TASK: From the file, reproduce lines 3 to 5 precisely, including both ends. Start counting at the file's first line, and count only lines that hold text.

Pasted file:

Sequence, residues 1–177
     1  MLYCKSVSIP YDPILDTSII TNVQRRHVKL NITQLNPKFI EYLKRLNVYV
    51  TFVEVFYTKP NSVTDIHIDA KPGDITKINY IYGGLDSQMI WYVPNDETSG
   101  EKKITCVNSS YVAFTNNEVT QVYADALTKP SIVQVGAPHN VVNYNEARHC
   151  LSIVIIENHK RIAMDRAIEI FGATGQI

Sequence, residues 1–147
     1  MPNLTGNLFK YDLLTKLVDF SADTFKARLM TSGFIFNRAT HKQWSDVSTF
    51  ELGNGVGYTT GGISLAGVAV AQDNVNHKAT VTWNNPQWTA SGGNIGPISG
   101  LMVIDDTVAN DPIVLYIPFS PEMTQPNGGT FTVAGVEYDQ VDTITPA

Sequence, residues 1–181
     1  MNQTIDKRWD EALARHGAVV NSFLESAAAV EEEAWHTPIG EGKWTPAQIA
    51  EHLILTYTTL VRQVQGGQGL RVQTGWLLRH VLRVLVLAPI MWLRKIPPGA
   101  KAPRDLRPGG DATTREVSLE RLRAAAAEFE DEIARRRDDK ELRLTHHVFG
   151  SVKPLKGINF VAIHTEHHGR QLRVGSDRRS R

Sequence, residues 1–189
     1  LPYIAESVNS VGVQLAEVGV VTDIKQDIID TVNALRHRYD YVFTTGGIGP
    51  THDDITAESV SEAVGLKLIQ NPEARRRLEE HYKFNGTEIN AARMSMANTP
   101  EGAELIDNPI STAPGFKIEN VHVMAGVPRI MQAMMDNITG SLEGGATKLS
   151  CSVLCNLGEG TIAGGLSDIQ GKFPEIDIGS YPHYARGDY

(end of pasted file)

    51  TFVEVFYTKP NSVTDIHIDA KPGDITKINY IYGGLDSQMI WYVPNDETSG
   101  EKKITCVNSS YVAFTNNEVT QVYADALTKP SIVQVGAPHN VVNYNEARHC
   151  LSIVIIENHK RIAMDRAIEI FGATGQI